Rebirth and renewal- Springtime means many things for all forms of life- plants that were long dormant burst through the soil to start a new year, bees leave the hive and start their search for nectar, Bears come out of hibernation to look for food, and let’s not for forget about one of the most historically anticipated returns – the yearly migration of fish to their spawning grounds.
The yearly Spring runs were an important food source and highly anticipated by the Native Americans all along the East Coast. We brought this up when we discussed the American Shad, but there were other fish that were important too. Striped Bass is probably the most famous one, but there is one that most people forget- the Atlantic Sturgeon.
The Sturgeon was a valuable foodstuff for thousands of years for the Native populations, a prehistoric looking fish, very large and slow moving, they were speared from canoes and hauled to shore. The early colonists didn’t want anything to do with the fish, being a food the Natives ate, it was seen as a trash fish. It wasn’t until the Eastern and the Northern Europeans came when they realized the potential and started to target it. The potential was the caviar, that up until then was thrown away or fed to animals. An entire industry rose up harvesting sturgeon to process caviar, making products with the skin and swim bladder, smoking, salting, and pickling the meat- a lot being shipped down to the South for cheaper food for the enslaved on plantations. It was also sold here on the streets of Fishtown. Of course, the story of the sturgeon ends how most of our stories end- with unregulated industry, infinite consumption, and disregard for the environment where it lived – the population plummeted and the Atlantic Sturgeon is an endangered species.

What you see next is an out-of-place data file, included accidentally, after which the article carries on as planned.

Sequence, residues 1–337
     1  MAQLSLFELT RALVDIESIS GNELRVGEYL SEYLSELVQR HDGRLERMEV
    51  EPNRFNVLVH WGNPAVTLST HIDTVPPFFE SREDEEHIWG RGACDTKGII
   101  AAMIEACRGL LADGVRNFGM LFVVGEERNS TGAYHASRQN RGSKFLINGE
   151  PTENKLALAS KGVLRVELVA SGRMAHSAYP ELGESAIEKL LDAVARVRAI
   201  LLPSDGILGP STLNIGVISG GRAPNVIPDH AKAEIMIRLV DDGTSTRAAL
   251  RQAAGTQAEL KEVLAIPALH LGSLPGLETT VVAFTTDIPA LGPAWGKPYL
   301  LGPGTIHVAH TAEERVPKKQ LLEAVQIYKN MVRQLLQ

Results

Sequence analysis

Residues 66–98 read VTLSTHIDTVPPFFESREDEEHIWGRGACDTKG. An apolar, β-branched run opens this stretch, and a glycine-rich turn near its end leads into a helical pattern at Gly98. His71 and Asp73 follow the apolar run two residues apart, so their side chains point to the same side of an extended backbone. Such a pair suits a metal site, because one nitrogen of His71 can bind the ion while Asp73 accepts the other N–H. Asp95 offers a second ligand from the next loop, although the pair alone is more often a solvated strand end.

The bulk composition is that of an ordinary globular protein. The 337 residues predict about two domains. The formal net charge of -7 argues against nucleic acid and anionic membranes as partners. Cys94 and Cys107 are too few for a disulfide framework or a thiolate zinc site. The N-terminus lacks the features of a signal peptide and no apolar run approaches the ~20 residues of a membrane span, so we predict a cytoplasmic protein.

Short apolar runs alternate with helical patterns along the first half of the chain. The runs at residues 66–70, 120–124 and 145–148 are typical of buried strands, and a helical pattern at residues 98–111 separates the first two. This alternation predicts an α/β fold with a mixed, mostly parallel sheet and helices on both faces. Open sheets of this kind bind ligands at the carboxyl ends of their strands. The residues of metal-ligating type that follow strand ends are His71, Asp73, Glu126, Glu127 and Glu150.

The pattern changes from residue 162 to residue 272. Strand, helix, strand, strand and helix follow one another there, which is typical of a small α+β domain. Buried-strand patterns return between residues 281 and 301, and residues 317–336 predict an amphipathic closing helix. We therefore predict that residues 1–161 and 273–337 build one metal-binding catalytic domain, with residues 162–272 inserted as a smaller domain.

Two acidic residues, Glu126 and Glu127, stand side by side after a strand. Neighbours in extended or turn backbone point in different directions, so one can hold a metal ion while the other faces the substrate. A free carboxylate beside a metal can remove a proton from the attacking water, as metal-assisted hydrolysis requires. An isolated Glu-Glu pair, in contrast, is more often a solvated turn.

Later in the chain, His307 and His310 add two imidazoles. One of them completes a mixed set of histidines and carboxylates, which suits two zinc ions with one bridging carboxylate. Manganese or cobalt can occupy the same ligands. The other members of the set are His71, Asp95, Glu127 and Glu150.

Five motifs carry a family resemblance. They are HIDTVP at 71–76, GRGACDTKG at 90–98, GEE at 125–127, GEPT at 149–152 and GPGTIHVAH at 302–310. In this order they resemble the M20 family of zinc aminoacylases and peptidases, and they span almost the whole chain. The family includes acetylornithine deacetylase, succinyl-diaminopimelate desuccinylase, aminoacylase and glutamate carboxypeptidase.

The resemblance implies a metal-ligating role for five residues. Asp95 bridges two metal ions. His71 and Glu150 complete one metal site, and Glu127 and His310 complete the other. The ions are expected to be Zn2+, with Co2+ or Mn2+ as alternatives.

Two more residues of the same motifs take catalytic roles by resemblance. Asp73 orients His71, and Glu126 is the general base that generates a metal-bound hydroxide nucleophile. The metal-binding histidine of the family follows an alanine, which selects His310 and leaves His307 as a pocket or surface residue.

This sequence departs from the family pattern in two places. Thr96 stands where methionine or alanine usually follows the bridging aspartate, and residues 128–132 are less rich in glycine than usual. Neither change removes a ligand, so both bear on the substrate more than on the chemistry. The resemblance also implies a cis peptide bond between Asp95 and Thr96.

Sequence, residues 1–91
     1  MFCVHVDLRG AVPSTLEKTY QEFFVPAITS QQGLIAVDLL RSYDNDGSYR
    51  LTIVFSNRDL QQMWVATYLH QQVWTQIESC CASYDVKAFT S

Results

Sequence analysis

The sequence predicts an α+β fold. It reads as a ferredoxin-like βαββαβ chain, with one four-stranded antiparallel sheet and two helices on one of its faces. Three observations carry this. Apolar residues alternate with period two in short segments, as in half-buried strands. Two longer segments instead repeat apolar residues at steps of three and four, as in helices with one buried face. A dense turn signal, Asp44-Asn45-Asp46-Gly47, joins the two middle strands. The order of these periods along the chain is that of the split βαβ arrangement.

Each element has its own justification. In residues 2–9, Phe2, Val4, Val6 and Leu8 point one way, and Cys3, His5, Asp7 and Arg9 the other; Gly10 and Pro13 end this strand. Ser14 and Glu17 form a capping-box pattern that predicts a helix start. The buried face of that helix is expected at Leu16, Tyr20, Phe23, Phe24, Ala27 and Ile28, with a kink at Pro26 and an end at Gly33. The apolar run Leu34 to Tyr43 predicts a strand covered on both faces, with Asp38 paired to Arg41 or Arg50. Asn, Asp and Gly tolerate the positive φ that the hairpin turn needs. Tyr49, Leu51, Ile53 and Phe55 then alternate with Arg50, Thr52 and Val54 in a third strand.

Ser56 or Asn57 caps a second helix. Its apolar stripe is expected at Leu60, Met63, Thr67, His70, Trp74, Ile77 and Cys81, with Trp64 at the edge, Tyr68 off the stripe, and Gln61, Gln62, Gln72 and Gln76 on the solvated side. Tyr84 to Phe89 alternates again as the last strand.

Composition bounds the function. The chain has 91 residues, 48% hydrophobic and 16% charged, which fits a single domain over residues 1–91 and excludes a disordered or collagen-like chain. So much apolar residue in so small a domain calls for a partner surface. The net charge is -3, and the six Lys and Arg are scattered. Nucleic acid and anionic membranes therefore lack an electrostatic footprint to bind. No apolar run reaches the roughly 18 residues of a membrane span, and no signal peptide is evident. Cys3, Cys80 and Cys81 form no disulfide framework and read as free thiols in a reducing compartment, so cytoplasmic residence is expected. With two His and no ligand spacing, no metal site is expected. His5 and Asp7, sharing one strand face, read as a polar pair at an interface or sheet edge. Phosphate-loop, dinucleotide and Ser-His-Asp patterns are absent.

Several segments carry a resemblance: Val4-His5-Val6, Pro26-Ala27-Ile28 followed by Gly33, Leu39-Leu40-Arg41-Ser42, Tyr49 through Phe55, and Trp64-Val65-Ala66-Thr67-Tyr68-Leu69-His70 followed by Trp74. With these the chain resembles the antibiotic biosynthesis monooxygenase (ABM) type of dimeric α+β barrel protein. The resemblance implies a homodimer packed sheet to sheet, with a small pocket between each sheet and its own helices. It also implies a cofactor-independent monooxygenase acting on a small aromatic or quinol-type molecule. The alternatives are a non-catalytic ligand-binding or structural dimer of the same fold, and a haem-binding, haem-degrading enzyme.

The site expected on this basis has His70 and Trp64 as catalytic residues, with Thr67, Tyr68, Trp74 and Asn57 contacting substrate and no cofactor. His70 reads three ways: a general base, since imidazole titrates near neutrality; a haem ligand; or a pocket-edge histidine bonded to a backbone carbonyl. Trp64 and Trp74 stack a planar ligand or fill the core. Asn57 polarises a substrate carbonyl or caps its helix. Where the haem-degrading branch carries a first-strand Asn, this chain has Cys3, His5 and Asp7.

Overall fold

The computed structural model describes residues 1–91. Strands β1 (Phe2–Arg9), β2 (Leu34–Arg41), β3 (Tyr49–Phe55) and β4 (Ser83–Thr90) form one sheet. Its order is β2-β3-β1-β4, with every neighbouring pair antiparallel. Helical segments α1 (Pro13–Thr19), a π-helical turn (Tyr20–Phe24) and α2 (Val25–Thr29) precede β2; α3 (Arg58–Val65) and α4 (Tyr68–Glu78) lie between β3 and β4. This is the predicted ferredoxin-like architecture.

My dish is a beautiful piece of sturgeon roasted in the oven over some nettles and onions. Maybe we don’t think of it as signifying Spring, but the populations in the past that have lived here before us would have.